Opioid Crisis bottle

Middletown CEO Tied to Opioid Crisis Confesses He Stole $1.5M

On Monday, Paul Gileno, the U.S. Pain Foundation’s former CEO, has confessed to charges of embezzling a large sum from his company. This non-profit group was committed to patients with chronic pain but was later found to be connected to the opioid crisis.

The former CEO was facing fraud and tax charges. In total, he confessed stealing around $1.5 million to Victor Bolden, District Judge.

Gileno managed to mask the stolen funds as personal expenses, including mortgage payments and vacation costs. Furthermore, the organization’s tax records have revealed that Gileno redirected funds for employees’ salaries or benefits to family members and relatives.

John H. Durham is the U.S. Attorney who has accused the former CEO of failure to pay taxes.

Records have also shown that many similar non-profit organizations have received millions in grants given by pharmaceutical companies. One such company, Purdue and Insys Therapeutics, currently faces lawsuits and significant accusations from Connecticut as well as other U.S. states. Namely, the company is blamed for contributing to the national opioid crisis. Companies like these have made deceptive claims regarding the safety of their medications for pain.

Last year, Congress released a report in which the Pain Foundation was found as one of the top beneficiaries which funded five of the largest opioid producers from 2012 to 2017. While large pharmaceutical companies have given away approximately 9 million dollars to over a dozen chronic pain relief groups, the Pain Foundation has received around 2.9 million dollars. The company also operates and owns one of the strip malls in Middletown.

The total grant funds for the Pain Foundation is around $2.5 million. The foundation later received an additional $250,000. Insys Therapeutics gave out these grants. The company produces Subsys, which is a product based on fentanyl.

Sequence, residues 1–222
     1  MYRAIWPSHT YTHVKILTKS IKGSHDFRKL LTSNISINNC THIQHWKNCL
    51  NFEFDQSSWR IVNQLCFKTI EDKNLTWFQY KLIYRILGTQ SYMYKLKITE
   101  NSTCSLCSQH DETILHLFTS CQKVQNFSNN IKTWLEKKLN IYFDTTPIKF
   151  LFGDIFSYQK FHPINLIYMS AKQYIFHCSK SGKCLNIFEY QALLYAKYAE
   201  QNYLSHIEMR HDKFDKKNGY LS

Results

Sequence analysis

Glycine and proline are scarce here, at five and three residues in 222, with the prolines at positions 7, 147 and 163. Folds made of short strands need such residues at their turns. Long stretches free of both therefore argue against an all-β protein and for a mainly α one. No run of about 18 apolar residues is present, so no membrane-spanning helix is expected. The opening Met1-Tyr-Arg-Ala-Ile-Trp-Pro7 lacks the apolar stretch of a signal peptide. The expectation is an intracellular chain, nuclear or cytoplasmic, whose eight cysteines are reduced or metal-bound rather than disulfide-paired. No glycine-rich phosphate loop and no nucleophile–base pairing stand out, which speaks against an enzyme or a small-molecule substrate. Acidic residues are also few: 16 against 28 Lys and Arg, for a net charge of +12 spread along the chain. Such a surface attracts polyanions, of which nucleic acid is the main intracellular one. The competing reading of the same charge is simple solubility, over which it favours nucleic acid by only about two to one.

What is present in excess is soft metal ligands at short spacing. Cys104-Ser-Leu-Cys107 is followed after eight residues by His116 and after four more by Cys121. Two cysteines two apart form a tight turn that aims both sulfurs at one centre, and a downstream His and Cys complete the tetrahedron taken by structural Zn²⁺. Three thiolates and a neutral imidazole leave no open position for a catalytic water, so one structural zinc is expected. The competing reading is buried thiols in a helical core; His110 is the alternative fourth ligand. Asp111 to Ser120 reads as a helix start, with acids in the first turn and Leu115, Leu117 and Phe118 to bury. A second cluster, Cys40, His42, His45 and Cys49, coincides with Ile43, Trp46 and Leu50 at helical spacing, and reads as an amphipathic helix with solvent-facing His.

Crime CEO Paul GilenoOver the years, fentanyl has been accused as America’s leading cause of overdose-related deaths.

Additionally, two Insys employees in CT were caught for taking part in a racketeering conspiracy on a national level. It was proven that the company had bribed doctors as well as health workers who were instructed to promote their product.

According to a report made by Congress, the organizations which obtained the grants had a significant role in the opioid crisis. They advocated for the interests of the large pharmaceutical companies and contributed to increased use of opioids for pain relief. In one court case, attorneys showed video footage from 2015 as evidence.

The video featured a rap commercial by Insys and showed a walking Subsys mascot. It was used to influence sales reps and doctors and drive them to give their patients higher doses of Subsys spray. The medicine was found to be extremely addictive.

Moreover, the report also states that the groups used various initiatives to boost their pro-opioid messages and benefit the producers of the various opioid medications.

On Tuesday, Middletown’s Pain Foundation commented on the matter through a P.R. agency. According to employees and officials, the organization requested Gileno’s immediate resignation when the scandal broke out. The press release stated that the foundation was cooperative during the investigations by the FBI and IRS. Furthermore, the company has scheduled a restitution hearing.

Paul Gileno admitted to the crime this Monday and confessed that both the fraud and the tax charges were true. He will likely have to return the embezzled funds plus around half a million in taxes.

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